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Saturday, 6 August 2011






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US stars mired in record major win drought

Golf’s global growth, including a spot in the 2016 Olympics, has helped push the once-dominant American lineup to a record win drought of six major events entering next week’s PGA Championship.

Since the Masters began in 1934 as the newest of golf’s four major events, only in 1994 did a year pass without a US player taking at least one of the game’s most coveted crowns.

Tiger Woods

But 2011 could see another American shutout as South African Charl Schwartzel won the Masters while Northern Ireland’s Rory McIlroy won the US Open and his compatriot Darren Clarke captured last month’s British Open.

Europeans dominate the world rankings too. England’s Luke Donald and Lee Westwood rank first and second followed by Germany’s Martin Kaymer, the 2010 PGA Championship winner, and American Steve Stricker edging McIlroy for fourth.


Add Europe’s victory in last year’s Ryder Cup and it’s easy to see how even the return of former World No. 1 Tiger Woods from left knee and Achilles tendon injuries might not be enough to push a US player into a Sunday trophy ceremony.

“I just think the game has become so global,” Woods said. “Golf is just growing leaps and bounds globally. It’s been a flat market here in the States, but around the world it’s been tremendous to see.

“With the advent of us being in the Olympics, I think there is going to be a huge influx of countries that haven’t really taken up the game of golf are now going to be focused on it.” Woods warns that China might well follow the lead of Northern Ireland, which has produced three of the past six major winners. And China has a much larger pool of potential talent should the sport catch fire there.


“I know China is just exploding over there,” Woods said. “I’ve been over there looking at some of the junior golf academies that they have and it’s phenomenal. They all have good swings.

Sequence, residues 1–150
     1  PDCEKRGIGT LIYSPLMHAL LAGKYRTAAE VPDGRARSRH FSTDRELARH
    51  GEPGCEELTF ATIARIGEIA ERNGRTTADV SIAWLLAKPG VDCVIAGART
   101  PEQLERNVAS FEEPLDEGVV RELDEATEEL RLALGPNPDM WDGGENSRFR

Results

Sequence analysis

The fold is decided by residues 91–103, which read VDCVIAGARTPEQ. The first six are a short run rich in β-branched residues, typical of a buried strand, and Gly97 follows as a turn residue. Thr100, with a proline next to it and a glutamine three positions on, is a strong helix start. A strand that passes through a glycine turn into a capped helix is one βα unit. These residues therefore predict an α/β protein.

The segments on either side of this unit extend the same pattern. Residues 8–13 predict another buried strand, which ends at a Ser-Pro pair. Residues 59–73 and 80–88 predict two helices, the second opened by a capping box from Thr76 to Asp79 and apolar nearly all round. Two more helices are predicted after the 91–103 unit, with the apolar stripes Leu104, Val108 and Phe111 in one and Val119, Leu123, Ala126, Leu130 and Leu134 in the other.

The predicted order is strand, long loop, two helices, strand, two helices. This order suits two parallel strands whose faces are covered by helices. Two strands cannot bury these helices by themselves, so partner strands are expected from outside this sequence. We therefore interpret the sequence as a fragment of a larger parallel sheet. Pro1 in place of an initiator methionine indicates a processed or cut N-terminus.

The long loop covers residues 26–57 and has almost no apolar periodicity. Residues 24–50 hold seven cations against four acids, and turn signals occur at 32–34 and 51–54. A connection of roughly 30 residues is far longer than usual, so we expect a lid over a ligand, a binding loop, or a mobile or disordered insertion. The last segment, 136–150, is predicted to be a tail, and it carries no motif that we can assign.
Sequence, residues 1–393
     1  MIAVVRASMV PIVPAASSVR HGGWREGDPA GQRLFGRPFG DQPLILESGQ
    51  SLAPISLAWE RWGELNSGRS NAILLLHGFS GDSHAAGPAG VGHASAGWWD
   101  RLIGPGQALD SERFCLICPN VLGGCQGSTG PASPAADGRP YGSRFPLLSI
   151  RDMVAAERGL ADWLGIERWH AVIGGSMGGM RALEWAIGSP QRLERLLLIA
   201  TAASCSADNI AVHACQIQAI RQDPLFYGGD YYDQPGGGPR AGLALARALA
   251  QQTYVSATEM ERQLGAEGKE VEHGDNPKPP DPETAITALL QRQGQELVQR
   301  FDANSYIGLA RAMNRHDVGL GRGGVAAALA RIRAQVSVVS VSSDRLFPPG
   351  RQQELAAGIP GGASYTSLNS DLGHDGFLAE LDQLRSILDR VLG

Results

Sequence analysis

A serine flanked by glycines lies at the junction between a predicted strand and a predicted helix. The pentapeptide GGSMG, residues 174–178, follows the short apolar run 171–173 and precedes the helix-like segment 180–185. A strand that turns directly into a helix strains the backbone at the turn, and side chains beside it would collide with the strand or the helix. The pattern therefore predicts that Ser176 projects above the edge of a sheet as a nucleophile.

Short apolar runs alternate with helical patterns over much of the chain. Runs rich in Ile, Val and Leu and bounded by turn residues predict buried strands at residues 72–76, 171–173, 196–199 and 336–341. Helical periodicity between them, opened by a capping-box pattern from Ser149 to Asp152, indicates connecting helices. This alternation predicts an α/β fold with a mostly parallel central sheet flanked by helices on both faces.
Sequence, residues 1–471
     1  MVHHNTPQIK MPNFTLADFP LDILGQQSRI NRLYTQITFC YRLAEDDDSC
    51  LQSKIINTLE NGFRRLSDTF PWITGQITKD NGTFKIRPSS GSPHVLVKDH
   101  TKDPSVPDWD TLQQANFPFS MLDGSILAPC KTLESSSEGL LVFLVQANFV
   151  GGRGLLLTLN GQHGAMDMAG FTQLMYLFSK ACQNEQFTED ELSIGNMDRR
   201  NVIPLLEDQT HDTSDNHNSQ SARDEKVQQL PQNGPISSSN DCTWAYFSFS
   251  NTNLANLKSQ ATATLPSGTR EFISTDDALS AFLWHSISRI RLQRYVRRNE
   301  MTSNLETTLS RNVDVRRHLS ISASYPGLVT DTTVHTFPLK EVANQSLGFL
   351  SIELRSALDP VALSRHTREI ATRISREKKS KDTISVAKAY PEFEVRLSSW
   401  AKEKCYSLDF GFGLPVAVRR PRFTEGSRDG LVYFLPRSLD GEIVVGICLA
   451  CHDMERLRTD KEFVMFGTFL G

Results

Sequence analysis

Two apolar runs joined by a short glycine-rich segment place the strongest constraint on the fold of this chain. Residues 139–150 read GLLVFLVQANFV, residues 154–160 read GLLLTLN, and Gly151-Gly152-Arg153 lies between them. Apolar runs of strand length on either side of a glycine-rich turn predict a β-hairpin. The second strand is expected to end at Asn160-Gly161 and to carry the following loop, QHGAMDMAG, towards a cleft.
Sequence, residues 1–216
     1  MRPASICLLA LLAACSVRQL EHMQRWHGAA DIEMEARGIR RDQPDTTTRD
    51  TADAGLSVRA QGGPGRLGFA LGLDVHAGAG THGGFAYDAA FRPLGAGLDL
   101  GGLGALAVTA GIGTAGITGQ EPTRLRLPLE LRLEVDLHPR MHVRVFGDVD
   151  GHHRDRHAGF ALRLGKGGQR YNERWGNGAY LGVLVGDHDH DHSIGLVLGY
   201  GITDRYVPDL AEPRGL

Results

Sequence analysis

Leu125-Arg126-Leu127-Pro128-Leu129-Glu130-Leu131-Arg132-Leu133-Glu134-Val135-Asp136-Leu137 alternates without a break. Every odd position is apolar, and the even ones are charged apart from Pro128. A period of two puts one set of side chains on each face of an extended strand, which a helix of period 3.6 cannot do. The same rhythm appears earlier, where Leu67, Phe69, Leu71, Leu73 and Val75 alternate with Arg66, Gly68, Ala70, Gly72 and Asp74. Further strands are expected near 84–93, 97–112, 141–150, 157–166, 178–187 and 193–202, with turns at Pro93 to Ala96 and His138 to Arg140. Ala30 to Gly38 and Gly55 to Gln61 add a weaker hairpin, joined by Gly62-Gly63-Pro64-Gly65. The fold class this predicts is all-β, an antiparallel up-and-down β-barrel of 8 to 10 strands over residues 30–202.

“Extrapolate that out 15, 20 years from now, it’s going to be just amazing.”

Not since Phil Mickelson won last year’s Masters has an American won a golf major and the left-hander sees Asia as a region to be watched now that South Korean Yang Yong-Eun became the first Asian man to win a major at the 2009 PGA.

“Certainly we all expect that in the next couple of decades Asia is going to have a very strong presence in the game of golf,” Mickelson said.

“I’m not worried about American golf. I think I’m more happy to see how strong international golf is. We’ve got players from all over the world winning the biggest events. That this only helps grow the game on an international level.

Young players

“I’m not worried as though we don’t have good young players coming up to represent America, because I think we do.”

Ben Curtis, the 2003 British Open winner, also sees Rickie Fowler and other young US talents as the tonic for competing with the new worldwide challenge.

“As far as American golf, it’s healthy,” Curtis said. “We’ve got a lot of great young players coming up. I think a few of them just need a little bit more experience. Like Rickie Fowler... he’s a great young player. He’s a good kid, and you hope one day he’ll get a couple victories under his belt.

“Once he wins one he could win 10.” There is also a sense that this is part of a cycle that will one day switch back around to see Americans back at the forefront of the majors.



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